4. Covergalls

 
Image: Covergalls, LinkedIn

It’s no secret that some industries are male dominated. Women are still dispersing into the workforce, and since men were given a head start of some several hundred years or so, it’s taking some time for women to fully saturate a few of the more “unconventional” workplaces like construction, industrial engineering, and mining.  So it’s no surprise that these industries, and their trademark coverall garb, are decades behind in reaching gender equality, leaving women with no choice but to wear ill-fitting workwear that simply wasn’t designed for them. Insert Covergalls. Inspired by her own experience in mining, creator and founder Alicia Woods set out to design overalls that are fitted for women, because frankly, slugging around in ill-fitting garments was a safety-hazard. In addition to being incredibly flattering, Covergalls allow women in the industrial trades to work safely and efficiently, while features like the rear trap door make bathroom breaks a far less strenuous endeavor. (If you’ve ever worn a romper on a night out, you know what I’m talking about.)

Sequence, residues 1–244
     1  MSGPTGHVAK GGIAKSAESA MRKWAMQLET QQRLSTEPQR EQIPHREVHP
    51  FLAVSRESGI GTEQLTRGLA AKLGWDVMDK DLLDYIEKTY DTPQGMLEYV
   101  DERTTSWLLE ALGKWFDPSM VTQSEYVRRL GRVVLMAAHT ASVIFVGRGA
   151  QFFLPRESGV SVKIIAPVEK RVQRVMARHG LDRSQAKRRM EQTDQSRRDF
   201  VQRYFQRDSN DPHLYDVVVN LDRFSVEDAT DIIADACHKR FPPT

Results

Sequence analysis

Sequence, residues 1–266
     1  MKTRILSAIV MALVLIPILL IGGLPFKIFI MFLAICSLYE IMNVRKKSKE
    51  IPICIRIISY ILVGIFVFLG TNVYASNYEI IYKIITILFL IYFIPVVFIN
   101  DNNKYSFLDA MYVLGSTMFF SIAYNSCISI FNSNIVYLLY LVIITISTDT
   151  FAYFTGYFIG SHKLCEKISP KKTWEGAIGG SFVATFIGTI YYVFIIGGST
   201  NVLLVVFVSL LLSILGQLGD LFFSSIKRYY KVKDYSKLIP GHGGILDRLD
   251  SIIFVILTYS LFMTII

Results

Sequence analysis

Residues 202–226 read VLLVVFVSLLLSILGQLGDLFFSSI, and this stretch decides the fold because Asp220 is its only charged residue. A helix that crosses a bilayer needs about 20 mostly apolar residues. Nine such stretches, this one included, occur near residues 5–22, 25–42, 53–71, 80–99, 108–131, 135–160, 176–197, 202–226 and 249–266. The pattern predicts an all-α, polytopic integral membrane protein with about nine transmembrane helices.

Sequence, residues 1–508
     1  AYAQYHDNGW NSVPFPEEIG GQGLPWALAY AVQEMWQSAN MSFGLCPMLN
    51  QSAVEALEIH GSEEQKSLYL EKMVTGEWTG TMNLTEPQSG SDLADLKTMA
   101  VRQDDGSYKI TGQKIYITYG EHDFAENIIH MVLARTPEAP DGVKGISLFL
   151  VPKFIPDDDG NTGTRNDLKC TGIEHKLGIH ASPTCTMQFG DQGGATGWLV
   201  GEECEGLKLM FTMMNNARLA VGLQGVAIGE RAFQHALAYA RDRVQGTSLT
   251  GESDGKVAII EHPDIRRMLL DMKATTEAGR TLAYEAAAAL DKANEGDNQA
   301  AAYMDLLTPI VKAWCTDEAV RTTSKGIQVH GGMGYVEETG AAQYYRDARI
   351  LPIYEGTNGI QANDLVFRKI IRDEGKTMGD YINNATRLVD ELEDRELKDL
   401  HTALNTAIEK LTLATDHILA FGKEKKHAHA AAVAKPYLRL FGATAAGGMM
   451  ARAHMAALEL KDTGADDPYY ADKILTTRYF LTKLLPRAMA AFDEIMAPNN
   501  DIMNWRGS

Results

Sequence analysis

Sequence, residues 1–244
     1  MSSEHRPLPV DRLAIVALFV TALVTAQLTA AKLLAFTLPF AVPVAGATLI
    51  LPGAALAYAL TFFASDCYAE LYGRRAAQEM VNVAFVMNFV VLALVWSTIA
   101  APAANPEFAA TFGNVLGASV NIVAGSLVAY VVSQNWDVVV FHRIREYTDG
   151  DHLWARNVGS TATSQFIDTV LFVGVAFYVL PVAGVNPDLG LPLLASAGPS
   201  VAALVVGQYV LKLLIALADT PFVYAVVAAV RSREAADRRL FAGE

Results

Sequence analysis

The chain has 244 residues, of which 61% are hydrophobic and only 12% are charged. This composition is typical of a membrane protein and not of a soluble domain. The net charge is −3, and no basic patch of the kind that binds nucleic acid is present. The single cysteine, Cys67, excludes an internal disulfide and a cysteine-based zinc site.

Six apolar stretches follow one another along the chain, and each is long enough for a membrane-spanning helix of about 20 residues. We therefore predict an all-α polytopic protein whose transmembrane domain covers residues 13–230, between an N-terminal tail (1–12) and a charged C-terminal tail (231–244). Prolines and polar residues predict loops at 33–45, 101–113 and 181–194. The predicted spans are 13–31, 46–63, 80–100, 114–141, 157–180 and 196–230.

Branching out from their initial purpose, Covergalls has become an empowering outlet for all women, providing blog posts and a wide array of industry apparel specifically designed for women, in addition to having the goal of tackling the lack of diversity, inclusion, and advocacy in the Industrial sector. 


5. Billie

 
Image: Glamour